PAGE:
Flint, MI—Dylan Luna, the newly elected treasurer of Flint Community Schools Board of Education, will join a national program that trains school board members from diverse backgrounds.
Luna was accepted to the fellowship program of School Board Partners, a nonprofit organization that connects board members with training, support and mentors, earlier this month.
“It’ll be a lot of different progressive school board members across the country coming together as a cohort, sharing ideas, best practices and solutions to better serve students, and also learn about how to reduce the inequities as [they] relate to race and socioeconomic challenges our students face,” Luna said.
Scholars at Flint Schools face various inequities, Luna explained, like students’ learning environments compared to those in suburban districts like Grand Blanc, Mich. and Flushing, Mich.
“If you look at some of our current facilities, the parking lots aren’t in the best shape,” Luna said. “The HVAC (heating, ventilation, and air conditioning) system may work sometimes. It may not.”
Access to drinking water is another example, he noted. Students couldn’t safely drink from the district’s water fountains for several years until February 2022, when the district unveiled new lead-filtering water fountains.
Beyond the state of the district’s facilities, Luna added that FCS students “are already disadvantaged because they come in at a lower reading level, and there just isn’t enough resources to really help close that gap, especially from the federal and state government.”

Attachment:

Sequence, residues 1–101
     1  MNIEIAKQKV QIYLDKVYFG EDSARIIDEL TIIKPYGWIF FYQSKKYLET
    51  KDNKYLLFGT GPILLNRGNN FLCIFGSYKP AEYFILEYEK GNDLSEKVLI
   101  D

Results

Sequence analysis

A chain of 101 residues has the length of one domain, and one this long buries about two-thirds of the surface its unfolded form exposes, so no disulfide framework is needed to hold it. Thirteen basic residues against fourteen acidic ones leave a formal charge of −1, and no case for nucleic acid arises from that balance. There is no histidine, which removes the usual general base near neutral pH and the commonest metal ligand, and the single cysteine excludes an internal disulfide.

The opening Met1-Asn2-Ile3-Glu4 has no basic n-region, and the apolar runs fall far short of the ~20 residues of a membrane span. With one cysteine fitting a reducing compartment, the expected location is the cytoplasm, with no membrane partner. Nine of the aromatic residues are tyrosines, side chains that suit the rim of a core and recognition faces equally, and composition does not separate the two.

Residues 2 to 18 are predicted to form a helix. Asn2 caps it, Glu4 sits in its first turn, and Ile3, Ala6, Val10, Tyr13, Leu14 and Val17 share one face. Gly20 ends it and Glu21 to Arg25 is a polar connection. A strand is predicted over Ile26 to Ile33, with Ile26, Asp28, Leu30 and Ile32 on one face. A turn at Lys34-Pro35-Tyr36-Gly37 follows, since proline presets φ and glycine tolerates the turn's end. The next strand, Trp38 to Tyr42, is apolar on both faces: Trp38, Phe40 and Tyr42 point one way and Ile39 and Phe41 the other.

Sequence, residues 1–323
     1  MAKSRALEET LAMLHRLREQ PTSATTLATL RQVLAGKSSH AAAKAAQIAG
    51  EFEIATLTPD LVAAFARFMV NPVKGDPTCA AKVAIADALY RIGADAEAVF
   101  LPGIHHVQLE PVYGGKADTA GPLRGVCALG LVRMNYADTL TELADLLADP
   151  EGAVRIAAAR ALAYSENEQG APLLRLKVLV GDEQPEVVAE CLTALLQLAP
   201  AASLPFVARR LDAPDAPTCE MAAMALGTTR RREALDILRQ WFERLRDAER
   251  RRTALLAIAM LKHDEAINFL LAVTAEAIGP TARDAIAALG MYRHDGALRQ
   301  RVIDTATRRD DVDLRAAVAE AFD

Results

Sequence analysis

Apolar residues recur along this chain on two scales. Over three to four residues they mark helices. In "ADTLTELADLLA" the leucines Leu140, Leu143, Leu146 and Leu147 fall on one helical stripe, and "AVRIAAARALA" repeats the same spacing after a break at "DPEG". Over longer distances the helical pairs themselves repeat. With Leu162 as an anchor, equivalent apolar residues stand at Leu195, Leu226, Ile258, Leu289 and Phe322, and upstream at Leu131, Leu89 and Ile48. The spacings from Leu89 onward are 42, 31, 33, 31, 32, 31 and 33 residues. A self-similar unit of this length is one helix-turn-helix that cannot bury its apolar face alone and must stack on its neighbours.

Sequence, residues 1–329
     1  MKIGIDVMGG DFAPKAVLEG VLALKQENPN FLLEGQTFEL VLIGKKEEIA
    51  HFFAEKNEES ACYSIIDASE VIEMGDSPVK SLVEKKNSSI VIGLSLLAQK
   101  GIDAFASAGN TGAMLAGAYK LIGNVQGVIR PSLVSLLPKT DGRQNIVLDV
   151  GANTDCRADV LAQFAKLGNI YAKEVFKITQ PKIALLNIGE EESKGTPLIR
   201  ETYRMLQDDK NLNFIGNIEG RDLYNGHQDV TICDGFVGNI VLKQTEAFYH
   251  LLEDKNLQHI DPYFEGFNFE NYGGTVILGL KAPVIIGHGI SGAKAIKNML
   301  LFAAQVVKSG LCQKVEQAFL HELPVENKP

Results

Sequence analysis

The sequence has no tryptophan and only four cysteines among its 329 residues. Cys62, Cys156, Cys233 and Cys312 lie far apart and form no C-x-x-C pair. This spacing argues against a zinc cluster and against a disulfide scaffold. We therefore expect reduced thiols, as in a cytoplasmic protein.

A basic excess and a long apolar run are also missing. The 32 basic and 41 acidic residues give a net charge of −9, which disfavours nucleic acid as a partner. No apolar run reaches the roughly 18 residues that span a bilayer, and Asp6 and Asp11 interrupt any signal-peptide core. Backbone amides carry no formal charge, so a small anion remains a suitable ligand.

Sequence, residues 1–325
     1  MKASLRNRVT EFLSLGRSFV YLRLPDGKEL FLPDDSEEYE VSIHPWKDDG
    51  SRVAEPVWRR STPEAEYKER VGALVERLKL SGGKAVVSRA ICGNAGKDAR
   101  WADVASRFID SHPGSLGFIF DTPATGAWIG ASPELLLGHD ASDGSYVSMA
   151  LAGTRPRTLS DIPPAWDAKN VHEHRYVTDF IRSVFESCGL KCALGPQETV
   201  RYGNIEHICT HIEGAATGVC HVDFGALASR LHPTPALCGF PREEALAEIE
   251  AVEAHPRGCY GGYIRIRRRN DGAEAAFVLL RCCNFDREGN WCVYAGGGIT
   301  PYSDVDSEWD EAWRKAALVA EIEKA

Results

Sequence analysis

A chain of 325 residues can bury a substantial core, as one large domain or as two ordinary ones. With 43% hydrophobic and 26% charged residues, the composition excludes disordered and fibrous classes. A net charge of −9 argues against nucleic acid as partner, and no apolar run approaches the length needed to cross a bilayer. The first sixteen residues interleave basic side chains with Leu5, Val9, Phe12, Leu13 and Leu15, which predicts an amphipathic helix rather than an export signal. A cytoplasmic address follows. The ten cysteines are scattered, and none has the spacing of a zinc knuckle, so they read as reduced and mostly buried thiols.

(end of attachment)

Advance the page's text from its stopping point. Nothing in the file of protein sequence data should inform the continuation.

The School Board Partners fellowship, Luna said, will offer training on the basic roles of a school board member and the ways in which they can govern effectively to ensure that the district has necessary resources to address such educational inequities.
“Sometimes, board trustees can confuse their role when it comes to public education,” he said. “Our role is governance. It’s not operations and management. It’s giving students, staff and the superintendent the resources they need to be successful.”
According to Luna, the fellowship will provide opportunities to learn about things like managing school finances, crafting goals and working with stakeholders like local, state and federal officials, as well as philanthropic and community organizations.
“I just hope to gain a better, proactive, progressive understanding of what I can do to really affect transformational change for students,” he said, “and something that I can share with my colleagues and the administration.”
Luna said his fellowship will begin Jan. 24, 2023.